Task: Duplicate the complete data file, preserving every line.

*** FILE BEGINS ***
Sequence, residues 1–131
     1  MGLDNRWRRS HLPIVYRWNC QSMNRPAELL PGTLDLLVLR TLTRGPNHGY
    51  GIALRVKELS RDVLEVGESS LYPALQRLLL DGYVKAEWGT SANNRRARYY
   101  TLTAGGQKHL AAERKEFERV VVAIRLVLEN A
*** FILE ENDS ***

Sequence, residues 1–131
     1  MGLDNRWRRS HLPIVYRWNC QSMNRPAELL PGTLDLLVLR TLTRGPNHGY
    51  GIALRVKELS RDVLEVGESS LYPALQRLLL DGYVKAEWGT SANNRRARYY
   101  TLTAGGQKHL AAERKEFERV VVAIRLVLEN A